So January has been and gone, and despite tabloid warnings of everyone being buried in apocalyptic snow storms or washed away by tides of Romanians, the world has kept turning and from West Ham’s point of view, the outlook at the end of the month is decidedly more upbeat than it was at the start.
There were certainly moments last month when West Ham may have looked like a sinking ship (which might explain Razvan Rat’s departure) but what does not kill you makes you stronger, and as a result, West Ham can look forward with considerably more confidence. One of the main reasons why is the return of Andy Carroll. After brief appearances in the meaningless Capital One Cup semi-final second leg against Manchester City, and in Operation Batten Down The Hatches at Stamford Bridge, the difference his attacking presence made to the whole team against Swansea was obvious: finally, a hub around which to play, and a spearhead to lead the attack
With Carroll the maypole, West Ham led Swansea a merry dance, with the way the Welsh side had to resort to Chico Flores’ shameful and embarrassing play-acting to nullify the 25 year old’s threat showing just how unplayable he can be. His huge physical presence and the waves he creates are the perfect embodiment of manager Sam Allardyce’s preferred pattern of play. 0/10 for sophistication, perhaps, but at the moment that is hardly the priority, and it is so straightforward that there is no danger of anything getting lost in translation, which should make it easy for newcomers Marco Borriello, Antonio Nocerino and Pablo Armero to pick it up and get used to it pretty fast.
After his tactical error in the summer, signing goal provider Stewart Downing rather than another goalscorer as back-up for Carroll, (thank God for free agent Carlton Cole digging the club out of a hole, rejoining in the January transfer window just months after being deemed surplus to requirements), Allardyce played his cards pretty well during the January transfer window.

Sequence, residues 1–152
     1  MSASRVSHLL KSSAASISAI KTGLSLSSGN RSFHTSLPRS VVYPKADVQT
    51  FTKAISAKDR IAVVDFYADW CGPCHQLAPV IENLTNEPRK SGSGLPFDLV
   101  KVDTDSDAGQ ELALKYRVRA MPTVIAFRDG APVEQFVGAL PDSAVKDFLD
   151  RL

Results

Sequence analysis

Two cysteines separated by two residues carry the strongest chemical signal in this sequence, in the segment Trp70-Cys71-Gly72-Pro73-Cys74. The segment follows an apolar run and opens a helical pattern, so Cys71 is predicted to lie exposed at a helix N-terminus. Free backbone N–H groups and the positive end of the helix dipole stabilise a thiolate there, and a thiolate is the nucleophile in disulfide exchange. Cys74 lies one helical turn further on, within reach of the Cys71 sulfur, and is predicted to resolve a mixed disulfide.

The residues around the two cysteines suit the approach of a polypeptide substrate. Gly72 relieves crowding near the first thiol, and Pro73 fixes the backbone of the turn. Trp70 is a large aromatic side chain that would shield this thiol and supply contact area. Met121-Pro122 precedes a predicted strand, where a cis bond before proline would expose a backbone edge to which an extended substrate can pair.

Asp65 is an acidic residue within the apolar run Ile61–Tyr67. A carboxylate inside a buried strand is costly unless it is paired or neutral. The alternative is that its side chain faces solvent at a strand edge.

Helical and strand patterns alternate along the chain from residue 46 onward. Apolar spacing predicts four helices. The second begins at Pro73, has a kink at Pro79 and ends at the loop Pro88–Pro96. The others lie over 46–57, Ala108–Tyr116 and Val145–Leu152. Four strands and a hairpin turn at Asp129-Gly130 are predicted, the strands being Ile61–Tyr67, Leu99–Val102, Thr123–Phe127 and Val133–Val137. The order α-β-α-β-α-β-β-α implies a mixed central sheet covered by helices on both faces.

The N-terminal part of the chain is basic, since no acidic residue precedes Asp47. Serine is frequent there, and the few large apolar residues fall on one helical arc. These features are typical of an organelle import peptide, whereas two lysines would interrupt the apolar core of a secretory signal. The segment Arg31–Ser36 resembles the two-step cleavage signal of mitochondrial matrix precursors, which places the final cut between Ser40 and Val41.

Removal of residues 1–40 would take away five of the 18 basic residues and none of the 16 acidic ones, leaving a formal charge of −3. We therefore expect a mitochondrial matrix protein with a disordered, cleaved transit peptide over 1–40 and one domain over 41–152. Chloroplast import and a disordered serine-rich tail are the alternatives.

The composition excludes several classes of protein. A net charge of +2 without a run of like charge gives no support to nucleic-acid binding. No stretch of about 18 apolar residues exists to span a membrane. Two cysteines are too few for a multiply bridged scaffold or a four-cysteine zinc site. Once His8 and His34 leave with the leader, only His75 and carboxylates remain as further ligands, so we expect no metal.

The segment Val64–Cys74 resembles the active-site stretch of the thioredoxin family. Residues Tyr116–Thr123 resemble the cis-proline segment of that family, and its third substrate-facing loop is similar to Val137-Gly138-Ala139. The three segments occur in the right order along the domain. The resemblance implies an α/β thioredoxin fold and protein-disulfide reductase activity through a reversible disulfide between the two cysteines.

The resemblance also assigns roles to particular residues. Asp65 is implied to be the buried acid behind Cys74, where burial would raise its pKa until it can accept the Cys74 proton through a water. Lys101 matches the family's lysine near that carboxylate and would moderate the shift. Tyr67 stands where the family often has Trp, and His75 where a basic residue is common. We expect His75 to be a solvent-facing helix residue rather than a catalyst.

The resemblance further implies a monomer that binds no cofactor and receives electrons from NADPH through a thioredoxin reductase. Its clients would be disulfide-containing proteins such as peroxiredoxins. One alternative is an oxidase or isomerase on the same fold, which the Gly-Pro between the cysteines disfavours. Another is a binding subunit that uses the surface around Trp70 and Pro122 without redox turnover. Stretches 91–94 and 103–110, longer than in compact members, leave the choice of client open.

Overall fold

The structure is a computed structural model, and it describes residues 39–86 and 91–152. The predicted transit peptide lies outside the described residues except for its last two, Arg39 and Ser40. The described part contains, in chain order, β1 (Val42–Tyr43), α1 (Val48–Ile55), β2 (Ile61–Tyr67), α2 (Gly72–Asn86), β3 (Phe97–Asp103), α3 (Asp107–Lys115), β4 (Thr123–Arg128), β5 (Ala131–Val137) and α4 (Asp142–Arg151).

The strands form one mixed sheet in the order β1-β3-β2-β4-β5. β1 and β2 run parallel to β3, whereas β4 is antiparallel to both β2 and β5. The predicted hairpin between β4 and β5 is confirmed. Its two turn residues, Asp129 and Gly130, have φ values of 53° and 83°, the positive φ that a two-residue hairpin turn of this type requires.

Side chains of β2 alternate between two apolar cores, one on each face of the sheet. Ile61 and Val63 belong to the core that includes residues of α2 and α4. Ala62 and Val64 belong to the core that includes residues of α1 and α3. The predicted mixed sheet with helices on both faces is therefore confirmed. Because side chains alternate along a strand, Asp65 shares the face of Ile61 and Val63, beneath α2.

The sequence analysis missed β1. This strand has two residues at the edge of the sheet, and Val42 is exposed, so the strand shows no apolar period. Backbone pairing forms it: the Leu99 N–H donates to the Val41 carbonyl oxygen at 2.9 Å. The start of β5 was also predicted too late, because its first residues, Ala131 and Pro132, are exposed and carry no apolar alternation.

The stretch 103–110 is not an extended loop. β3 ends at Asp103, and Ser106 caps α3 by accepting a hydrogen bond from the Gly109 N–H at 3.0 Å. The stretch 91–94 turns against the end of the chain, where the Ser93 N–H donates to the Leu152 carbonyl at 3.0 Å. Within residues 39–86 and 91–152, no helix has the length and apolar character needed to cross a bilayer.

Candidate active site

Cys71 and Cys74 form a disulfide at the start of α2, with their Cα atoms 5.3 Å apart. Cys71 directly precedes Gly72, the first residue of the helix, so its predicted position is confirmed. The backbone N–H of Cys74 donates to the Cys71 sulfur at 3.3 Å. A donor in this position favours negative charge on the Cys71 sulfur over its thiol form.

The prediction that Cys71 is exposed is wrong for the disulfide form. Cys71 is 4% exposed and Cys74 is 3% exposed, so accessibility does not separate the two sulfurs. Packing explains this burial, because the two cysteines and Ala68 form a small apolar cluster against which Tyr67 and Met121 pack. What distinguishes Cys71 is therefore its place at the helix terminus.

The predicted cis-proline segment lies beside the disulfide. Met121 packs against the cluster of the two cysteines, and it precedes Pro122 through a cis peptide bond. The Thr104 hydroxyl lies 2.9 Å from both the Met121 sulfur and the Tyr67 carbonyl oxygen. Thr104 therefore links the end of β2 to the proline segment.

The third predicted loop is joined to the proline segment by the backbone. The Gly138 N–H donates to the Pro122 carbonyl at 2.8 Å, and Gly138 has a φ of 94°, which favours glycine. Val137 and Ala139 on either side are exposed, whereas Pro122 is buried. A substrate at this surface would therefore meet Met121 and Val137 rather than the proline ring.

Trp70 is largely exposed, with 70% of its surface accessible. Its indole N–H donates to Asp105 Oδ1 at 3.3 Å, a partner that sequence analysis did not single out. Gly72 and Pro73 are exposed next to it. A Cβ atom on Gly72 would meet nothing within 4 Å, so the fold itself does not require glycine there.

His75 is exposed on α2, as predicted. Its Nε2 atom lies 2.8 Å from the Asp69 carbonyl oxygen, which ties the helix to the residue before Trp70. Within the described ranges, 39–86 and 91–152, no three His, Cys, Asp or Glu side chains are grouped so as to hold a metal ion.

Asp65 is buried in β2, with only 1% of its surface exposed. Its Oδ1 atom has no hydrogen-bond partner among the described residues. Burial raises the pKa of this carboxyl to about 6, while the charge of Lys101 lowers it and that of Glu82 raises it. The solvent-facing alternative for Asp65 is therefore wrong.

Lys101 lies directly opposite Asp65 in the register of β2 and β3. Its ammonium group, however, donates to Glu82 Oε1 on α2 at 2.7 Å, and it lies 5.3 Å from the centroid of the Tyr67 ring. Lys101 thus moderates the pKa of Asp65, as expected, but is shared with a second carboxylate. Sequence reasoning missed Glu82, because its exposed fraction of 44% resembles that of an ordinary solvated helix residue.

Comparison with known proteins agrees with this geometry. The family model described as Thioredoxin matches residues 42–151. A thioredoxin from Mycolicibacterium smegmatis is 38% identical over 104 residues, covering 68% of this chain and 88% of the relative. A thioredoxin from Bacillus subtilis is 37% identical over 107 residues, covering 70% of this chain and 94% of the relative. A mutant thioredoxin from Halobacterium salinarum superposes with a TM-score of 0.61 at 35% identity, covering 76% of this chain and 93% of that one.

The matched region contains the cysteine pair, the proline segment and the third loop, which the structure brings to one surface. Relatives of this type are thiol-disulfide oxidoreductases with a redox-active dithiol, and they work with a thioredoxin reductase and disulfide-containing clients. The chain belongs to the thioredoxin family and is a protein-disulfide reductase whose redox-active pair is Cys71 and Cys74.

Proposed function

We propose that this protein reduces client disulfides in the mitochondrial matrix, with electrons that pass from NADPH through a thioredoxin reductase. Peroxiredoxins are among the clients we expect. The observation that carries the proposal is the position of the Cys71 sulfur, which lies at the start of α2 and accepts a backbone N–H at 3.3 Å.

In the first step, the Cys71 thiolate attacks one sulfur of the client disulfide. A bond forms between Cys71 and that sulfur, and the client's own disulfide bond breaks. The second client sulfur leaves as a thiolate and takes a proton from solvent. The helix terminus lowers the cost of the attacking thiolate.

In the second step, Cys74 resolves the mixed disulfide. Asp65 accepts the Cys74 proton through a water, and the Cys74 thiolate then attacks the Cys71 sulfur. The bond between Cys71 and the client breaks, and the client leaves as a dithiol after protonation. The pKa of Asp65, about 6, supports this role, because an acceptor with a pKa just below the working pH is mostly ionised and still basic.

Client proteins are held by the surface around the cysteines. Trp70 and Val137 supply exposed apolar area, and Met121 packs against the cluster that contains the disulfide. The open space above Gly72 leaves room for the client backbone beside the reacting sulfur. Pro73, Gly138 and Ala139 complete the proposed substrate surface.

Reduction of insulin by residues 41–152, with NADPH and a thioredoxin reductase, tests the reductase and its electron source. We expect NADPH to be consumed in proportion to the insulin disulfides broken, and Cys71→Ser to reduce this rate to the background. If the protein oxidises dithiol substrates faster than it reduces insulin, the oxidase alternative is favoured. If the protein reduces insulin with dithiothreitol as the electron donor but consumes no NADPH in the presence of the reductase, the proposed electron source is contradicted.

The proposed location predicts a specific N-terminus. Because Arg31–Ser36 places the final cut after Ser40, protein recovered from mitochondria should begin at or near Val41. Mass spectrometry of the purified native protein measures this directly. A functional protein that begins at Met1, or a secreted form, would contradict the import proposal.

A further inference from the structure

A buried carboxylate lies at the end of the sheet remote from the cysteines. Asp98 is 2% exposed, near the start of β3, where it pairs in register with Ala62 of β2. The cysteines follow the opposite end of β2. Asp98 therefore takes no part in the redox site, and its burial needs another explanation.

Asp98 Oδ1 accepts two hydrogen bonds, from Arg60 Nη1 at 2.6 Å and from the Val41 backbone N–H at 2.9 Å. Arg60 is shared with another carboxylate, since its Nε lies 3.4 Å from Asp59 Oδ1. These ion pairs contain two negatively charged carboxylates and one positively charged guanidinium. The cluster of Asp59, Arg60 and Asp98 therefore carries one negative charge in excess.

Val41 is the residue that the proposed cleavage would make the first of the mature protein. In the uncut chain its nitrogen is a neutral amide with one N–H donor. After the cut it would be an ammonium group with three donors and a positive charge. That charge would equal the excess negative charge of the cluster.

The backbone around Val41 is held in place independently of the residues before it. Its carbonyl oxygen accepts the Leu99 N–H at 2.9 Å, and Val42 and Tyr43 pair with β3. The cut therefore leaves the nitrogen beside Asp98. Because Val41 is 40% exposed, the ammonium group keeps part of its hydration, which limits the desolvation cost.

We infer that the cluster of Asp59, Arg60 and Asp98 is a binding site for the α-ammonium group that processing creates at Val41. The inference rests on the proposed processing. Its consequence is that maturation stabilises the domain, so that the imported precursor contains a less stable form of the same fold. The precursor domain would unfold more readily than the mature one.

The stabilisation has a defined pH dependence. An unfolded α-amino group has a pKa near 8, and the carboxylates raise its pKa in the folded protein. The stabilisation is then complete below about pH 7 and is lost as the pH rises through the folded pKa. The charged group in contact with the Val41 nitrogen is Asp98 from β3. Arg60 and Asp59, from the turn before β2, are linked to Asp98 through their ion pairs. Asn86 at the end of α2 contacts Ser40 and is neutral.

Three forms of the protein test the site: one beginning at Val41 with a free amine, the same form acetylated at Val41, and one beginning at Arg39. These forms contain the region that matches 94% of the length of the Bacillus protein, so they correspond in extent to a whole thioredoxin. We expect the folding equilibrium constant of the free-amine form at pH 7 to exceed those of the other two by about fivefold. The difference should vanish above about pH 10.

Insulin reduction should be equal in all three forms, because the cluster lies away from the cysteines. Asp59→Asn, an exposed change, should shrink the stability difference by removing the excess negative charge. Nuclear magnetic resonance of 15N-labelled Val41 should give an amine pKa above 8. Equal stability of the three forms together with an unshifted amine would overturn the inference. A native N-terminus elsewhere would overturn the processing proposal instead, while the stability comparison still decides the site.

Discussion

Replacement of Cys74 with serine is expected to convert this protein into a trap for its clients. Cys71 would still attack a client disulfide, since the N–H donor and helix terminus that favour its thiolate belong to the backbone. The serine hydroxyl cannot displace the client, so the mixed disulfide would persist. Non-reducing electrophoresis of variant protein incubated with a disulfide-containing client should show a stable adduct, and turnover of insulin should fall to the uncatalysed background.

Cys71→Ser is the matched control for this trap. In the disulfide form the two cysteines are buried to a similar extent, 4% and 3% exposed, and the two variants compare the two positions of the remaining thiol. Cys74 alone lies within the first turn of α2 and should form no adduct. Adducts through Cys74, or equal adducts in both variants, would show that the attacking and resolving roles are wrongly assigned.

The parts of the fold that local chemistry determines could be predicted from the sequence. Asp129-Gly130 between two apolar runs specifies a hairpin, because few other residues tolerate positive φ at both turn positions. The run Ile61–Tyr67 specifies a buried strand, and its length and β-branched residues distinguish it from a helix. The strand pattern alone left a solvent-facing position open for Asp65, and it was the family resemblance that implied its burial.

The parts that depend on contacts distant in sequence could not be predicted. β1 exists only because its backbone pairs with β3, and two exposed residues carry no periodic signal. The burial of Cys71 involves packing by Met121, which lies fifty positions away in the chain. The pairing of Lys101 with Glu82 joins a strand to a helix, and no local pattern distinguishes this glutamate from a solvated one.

Yes, some prominent targets eluded him, but in landing Borriello and Nocerino he may have pulled off something of a coup. Both have Champions League pedigree, have played this season for top teams (Roma and Milan) in one of Europe’s most competitive leagues, and have more than a few Italian caps. Definitely worth having at your disposal. Signing such quality players is a lifetime away from the dark days of conceding 11 goals in two games last month, but even that experience allowed Adrian to establish himself as the club’s first choice keeper, another plus
Throw in the return of the colossally important Winston Reid in defence, and all of a sudden the warmth and optimism of spring feel significantly closer. It’s been a season of fits and starts for West Ham but as we approach the decisive final third, they are not just back to full strength, but mentally and physically stronger than ever. It’ll be a scrap to the end but West Ham are fighting fit.